Is Google Making Us Stupid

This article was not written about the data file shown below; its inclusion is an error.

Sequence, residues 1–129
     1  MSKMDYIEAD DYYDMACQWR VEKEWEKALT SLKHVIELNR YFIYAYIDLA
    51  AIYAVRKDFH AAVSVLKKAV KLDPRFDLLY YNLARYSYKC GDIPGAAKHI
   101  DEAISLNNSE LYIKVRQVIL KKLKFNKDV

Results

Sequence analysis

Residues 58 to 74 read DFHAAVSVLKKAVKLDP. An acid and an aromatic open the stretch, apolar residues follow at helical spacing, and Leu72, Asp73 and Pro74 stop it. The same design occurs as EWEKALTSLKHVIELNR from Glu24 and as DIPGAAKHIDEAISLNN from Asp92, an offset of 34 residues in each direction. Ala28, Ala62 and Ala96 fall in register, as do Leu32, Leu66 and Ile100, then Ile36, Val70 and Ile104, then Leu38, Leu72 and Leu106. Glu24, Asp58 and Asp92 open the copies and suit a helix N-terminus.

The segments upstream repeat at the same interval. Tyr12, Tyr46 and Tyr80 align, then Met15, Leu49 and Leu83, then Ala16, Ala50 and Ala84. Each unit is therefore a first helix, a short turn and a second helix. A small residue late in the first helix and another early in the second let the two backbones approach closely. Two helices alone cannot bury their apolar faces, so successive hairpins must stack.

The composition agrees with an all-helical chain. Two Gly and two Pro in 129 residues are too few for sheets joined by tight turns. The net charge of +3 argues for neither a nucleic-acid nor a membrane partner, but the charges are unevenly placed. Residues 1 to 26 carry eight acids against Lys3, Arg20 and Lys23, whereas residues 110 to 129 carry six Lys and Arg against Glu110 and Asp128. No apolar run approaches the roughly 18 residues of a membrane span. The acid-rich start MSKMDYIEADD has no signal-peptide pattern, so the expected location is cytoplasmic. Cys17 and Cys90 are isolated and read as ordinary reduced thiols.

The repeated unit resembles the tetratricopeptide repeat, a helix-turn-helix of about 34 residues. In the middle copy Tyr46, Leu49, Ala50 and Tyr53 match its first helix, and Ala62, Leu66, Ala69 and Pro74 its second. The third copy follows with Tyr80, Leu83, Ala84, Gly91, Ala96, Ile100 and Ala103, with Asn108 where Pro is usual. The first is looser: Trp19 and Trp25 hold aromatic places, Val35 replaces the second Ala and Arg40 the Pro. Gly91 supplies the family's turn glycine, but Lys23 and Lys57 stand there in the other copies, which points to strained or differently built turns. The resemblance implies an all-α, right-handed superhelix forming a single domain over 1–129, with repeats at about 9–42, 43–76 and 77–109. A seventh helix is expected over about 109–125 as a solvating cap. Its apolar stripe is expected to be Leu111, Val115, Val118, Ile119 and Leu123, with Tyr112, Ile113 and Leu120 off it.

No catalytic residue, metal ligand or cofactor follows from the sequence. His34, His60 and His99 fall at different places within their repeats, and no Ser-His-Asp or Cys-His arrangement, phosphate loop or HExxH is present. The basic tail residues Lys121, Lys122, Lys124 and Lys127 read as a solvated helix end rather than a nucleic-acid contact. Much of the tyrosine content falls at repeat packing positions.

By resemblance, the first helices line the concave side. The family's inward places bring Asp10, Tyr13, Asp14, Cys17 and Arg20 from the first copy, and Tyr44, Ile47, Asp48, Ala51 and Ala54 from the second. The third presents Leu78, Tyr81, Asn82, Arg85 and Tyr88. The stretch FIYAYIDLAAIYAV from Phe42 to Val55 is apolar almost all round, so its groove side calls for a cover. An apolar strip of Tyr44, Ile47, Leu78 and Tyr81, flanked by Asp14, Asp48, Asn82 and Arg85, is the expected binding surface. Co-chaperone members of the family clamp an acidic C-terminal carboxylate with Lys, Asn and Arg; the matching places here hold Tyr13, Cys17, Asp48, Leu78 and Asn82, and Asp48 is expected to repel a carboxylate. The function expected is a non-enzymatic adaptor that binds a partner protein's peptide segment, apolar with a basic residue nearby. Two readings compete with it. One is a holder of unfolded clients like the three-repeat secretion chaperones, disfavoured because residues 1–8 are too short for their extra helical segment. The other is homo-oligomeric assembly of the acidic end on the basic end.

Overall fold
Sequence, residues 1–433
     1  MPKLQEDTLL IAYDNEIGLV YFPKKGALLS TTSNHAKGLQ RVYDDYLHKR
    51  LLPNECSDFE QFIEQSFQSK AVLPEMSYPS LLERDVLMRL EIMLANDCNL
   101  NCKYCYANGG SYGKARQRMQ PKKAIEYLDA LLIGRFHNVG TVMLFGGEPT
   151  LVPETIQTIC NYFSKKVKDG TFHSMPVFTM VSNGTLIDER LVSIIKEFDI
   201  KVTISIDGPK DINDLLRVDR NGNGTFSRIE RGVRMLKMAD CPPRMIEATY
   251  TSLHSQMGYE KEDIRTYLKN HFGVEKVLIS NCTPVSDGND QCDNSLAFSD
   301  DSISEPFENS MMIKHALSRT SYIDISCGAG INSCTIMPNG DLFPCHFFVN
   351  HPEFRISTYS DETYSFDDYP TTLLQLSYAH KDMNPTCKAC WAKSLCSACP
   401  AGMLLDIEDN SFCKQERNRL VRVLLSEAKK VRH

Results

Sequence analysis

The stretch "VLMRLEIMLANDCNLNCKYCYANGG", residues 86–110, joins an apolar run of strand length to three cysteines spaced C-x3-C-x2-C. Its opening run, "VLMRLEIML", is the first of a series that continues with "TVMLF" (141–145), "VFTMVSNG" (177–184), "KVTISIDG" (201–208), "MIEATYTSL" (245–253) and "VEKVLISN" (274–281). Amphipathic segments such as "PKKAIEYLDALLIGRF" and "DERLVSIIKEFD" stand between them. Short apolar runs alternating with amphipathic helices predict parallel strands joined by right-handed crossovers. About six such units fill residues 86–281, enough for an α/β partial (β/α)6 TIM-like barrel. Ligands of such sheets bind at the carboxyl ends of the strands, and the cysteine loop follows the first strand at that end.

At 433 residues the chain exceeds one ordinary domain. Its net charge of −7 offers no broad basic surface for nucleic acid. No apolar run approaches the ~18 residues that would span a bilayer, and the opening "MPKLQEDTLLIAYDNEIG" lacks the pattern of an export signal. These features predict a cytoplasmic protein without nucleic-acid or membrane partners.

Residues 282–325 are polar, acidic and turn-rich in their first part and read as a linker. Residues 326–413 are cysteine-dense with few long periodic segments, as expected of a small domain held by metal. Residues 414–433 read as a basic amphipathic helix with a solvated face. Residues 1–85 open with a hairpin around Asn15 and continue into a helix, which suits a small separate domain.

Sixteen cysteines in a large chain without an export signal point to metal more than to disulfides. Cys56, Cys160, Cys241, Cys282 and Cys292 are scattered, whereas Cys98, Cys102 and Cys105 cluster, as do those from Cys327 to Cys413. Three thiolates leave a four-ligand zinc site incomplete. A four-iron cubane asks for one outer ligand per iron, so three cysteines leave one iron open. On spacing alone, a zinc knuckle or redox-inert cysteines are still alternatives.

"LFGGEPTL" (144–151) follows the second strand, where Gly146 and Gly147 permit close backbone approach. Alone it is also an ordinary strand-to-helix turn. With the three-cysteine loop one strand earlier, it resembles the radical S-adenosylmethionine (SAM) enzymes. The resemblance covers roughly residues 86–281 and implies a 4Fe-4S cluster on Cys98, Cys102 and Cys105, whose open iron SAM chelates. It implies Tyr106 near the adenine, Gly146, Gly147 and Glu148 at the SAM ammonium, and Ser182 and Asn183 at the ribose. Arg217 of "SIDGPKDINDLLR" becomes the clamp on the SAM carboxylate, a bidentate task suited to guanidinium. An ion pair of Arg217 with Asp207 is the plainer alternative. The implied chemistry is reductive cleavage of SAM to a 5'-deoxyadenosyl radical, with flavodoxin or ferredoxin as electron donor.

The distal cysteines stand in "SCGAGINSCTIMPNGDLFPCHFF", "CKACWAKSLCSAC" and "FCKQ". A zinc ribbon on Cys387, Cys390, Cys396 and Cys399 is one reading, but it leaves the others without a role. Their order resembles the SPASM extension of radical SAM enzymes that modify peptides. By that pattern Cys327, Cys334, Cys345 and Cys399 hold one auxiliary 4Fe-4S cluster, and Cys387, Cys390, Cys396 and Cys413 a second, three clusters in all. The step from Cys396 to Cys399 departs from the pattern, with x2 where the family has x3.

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Criticism of the Web most often questions whether we are becoming more superficial and scattered in our thinking. In the July-August 2008 Atlantic magazine, Nicholas Carr published "Is Google Making Us Stupid?" ( Like other critics, he sees change as loss and not as gain. But, his own criticism is superficial and misses the humanizing impact of Web 2.0. Nicholas Carr is an important voice today in pointing to the nervousness that many people have about technology. He recently published The Big Switch; Rewiring the World, from Edison to Google, which is in its seventh printing. His blog is well worth reading regularly: His views are carefully constructed and researched. He is a skilled writer and is widely read. And, academics often express the same concerns Carr doesin his Atlantic article. Our concerns are about the qualitative differences in how net-gen students think and write and learn. Nicholas Carr is giving voice to these concerns. This article is about one skill that he believes is being eroded, that of reading: "I'm not thinking the way I used to think. I can feel it most strongly when I'm reading. Immersing myself in a book or a lengthy article used to be easy. My mind would get caught up in the narrative or the turns of the argument, and I'd spend hours strolling through long stretches of prose. That's rarely the case anymore. Now my concentration often starts to drift after two or three pages. I get fidgety, lose the thread, begin looking for something else to do. I feel as if I'm always dragging my wayward brain back to the text. The deep reading that used to come naturally has become a struggle." He says this change is because of all the time he spends online. As a writer, he finds the Web a valuable tool, but he thinks it's having a bad effect on his concentration.

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